In one sense, we do what we do because we like free and open source software. But in another, we do it because it makes money for the company we work for. This is a business, not a hobby, and the company devotes substantial resources to it, in the form of hardware, hosting fees, and the not inconsiderable salaries of my colleagues and me.
The way we pay those bills is by selling ads on the site. Each advertiser pays us a certain amount of money (I have no idea how much -- the ad side and the editorial side are completely separate, to the point where no editor works in the same office with an ad salesman) to display his ad to a certain number of people. He knows the people will visit our site because of the content that's there.
We full-time staffers get paid. Our freelancers get paid. Those are corporate expenses, and we have to balance them with corporate income.
When someone copies our content and makes it available elsewhere, it can mean fewer people see the original on our site. That means fewer page views for the ads, which in turn means less income for the company. If that happens regularly, income goes down, which means expenses have to be cut, which means we stop paying for content and start laying off editors.
Mind you, this doesn't apply to every single item we post. We sometimes post articles under various open source licenses. When we do, anyone is free to repost them in accordance with the license terms.
Content piracy is a common and constant problem in the publishing industry. A similar situation that happened elsewhere last week made a stir on Slashdot. Linux Today copied a portion of an article from CMP Media's InformationWeek. CMP responded by blocking incoming links from Linux Today. CMP's Mike Azzara explained in a letter:
As a media company that generates a large volume of content on the Web, we are constantly under attack by others who excerpt large portions of our articles and then offer links which are then moot, given the content already provided. These companies monetize page views through ads or other means, leveraging on the backs of my employees. They are stealing from us, plain and simple, threatening our livelihoods and endangering my kids' college education.
I know Mike -- he's a good guy and smart. I'm not sure I would have worded things quite as strongly as he did, but then again, I don't have triplets on the verge of adolescence. But he's right that copyright violation is a form of theft, even though the goods being stolen aren't tangible.
Information wants to be free? Information doesn't want anything -- it's not alive. Some people want information to be free. Others, who put hard work into creating information, want to be compensated for their work. What's fair?
There's a legal answer to that question. It's called the doctrine of fair use. It states that it's fair to use a portion of someone else's copyrighted work, and lays out guidelines for the proper amount. Writer's Digest explains fair use better than I could -- I urge anyone who hosts a Web site that aggregates content from other sources to read its article. In a nutshell, there are four factors you need to consider in determining fair use. Two are "the amount and substantiality of the portion used in relation to the work as a whole" and "the effect on the market." In practical terms, that means reposters should excerpt only a small amount of someone else's work, and make it clear where the original source was with a link back to it, so it can retain its market benefits.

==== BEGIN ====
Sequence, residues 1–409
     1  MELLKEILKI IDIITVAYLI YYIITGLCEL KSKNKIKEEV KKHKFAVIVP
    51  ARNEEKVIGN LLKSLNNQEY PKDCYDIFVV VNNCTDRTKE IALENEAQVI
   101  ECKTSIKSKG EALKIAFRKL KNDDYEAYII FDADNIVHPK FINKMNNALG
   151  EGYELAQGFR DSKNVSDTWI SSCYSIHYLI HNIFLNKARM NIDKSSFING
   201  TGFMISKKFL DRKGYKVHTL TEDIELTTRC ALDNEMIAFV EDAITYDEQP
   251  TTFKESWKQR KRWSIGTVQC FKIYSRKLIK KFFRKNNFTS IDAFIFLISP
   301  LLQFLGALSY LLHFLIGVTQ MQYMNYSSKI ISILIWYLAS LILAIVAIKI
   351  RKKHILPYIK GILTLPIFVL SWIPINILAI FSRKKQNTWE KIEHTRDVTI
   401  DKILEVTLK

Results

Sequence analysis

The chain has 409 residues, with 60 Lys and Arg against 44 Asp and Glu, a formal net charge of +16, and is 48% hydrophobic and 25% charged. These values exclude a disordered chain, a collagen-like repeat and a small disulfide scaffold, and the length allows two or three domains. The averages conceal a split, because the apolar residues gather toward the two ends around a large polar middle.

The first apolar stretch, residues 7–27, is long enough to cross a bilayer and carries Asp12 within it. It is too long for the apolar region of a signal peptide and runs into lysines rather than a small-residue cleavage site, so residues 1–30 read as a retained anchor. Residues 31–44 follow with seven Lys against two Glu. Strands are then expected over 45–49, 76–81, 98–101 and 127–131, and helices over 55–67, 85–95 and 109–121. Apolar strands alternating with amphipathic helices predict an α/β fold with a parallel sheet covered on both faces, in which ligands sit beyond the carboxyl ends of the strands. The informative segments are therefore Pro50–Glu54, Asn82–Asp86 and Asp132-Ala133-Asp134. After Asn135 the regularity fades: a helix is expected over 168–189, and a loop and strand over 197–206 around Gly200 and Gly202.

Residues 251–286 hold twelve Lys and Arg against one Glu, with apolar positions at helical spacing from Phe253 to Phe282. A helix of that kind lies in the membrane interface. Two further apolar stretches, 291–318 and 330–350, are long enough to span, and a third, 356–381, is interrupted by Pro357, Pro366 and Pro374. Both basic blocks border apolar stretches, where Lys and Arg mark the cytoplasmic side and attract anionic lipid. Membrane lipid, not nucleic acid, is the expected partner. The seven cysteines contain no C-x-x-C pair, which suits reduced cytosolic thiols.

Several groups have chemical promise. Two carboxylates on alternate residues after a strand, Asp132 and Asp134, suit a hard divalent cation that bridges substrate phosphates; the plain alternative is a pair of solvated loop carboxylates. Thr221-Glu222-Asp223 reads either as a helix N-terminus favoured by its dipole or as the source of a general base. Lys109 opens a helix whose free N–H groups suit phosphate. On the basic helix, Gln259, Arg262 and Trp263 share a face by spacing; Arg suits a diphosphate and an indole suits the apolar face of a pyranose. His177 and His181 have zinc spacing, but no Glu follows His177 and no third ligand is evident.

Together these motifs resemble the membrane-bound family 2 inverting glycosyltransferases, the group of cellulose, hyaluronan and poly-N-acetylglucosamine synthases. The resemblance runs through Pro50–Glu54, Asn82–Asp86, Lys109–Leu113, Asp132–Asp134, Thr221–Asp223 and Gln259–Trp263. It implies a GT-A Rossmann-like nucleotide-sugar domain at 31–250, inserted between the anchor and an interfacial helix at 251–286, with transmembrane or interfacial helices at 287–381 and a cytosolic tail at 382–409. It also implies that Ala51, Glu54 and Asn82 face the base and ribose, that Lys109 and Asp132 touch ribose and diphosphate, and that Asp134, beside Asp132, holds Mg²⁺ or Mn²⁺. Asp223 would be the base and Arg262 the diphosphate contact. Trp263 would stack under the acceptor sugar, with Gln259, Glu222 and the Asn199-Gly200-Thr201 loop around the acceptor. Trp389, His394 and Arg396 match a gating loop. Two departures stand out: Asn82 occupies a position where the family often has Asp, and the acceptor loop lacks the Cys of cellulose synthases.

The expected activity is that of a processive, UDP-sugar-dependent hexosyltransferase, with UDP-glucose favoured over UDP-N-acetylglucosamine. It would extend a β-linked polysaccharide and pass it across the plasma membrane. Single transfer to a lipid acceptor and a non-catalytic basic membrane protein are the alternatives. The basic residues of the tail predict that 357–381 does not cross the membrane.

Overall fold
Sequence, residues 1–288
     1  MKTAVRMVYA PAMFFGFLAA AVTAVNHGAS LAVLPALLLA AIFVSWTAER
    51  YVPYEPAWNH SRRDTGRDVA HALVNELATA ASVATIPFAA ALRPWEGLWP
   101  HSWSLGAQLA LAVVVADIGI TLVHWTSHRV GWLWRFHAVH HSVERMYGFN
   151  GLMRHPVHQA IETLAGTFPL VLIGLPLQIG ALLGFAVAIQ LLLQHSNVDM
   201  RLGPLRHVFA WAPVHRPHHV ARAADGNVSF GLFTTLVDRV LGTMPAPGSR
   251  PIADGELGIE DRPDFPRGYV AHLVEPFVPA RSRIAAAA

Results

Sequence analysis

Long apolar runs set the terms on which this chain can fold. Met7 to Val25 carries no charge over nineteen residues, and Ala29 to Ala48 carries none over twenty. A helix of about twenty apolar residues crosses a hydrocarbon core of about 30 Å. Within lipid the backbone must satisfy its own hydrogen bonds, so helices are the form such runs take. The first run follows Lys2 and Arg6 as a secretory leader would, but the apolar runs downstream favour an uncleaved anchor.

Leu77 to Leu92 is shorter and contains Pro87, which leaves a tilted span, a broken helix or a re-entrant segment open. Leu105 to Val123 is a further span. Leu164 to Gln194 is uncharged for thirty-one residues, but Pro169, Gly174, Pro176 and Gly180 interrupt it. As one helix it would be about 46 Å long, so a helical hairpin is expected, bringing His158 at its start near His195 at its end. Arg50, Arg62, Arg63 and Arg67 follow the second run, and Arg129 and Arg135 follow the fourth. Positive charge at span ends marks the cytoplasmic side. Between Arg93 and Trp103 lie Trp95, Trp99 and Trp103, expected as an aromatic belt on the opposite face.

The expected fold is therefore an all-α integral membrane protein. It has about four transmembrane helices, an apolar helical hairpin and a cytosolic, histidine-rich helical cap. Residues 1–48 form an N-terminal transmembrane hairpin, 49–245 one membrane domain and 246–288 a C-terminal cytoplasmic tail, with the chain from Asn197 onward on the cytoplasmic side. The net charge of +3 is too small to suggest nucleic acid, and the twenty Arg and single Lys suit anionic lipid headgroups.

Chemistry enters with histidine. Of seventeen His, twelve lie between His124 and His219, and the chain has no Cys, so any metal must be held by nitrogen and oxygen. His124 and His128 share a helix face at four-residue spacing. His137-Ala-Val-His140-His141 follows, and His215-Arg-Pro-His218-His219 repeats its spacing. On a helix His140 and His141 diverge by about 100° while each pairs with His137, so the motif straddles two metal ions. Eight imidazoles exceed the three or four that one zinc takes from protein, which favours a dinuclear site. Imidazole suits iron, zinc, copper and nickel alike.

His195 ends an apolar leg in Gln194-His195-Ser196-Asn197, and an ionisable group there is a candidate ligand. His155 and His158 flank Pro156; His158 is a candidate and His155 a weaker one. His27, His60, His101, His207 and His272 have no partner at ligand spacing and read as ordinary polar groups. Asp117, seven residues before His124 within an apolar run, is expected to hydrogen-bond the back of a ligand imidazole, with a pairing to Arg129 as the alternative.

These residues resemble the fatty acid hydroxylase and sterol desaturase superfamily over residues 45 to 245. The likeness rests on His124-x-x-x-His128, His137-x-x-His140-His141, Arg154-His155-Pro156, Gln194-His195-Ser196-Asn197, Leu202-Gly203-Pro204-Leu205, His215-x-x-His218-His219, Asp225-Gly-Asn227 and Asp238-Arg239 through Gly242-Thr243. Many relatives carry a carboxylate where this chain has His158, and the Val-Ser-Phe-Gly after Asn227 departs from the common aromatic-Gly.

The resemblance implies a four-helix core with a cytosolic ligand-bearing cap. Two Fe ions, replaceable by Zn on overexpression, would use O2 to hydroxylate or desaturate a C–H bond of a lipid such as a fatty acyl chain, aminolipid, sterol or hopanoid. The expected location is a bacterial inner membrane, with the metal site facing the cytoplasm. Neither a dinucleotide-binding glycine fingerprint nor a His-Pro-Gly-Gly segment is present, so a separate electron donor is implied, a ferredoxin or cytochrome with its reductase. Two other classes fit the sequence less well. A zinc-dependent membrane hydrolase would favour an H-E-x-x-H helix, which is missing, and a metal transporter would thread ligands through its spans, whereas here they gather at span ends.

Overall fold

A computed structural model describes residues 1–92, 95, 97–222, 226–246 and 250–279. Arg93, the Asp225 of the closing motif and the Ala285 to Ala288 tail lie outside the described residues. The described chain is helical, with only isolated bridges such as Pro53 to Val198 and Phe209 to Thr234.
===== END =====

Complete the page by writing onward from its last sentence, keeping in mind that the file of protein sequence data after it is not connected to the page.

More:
We don't mind other sites linking to us -- in fact we welcome it. Referrals from others who think well of what we do are both good for the business and flattering to the author. We just don't want that pointer to be an insignificant, worthless afterthought.
To deal with our situation this week I sent a polite letter to three of the sites that posted David's article, and all of them amended their postings. But that's not a realistic solution for every instance of copyright violation. Monitoring the Web for misappropriated works would be a full-time job, and not a productive one.
A better approach might be education. If everyone understood the economics of the situation, and that allowing creators to benefit from their creations raises everyone's standard of living, potential content pirates might think twice.
Then again, maybe not. Consider what happens with software development. Writing and programming are very analogous occupations. (I speak from experience -- I was a programmer for eight years before I became a full-time writer.) Just as independent programmers must choose a license for their original work, so must writers. Some of us choose to release our work without strings. Others retain ownership rights. But there's a huge cracker community that illegally distributes the works of others, and they clearly know that what they're doing is illegal and economically harmful to the companies and programmers who did the original work. And yet they persist.
Because original work is valuable, both its authors and those who can get easy access to it want to use it. Thus it ever has been, thus it ever will be. I think the best we can hope for is that most of the people will do the right thing most of the time.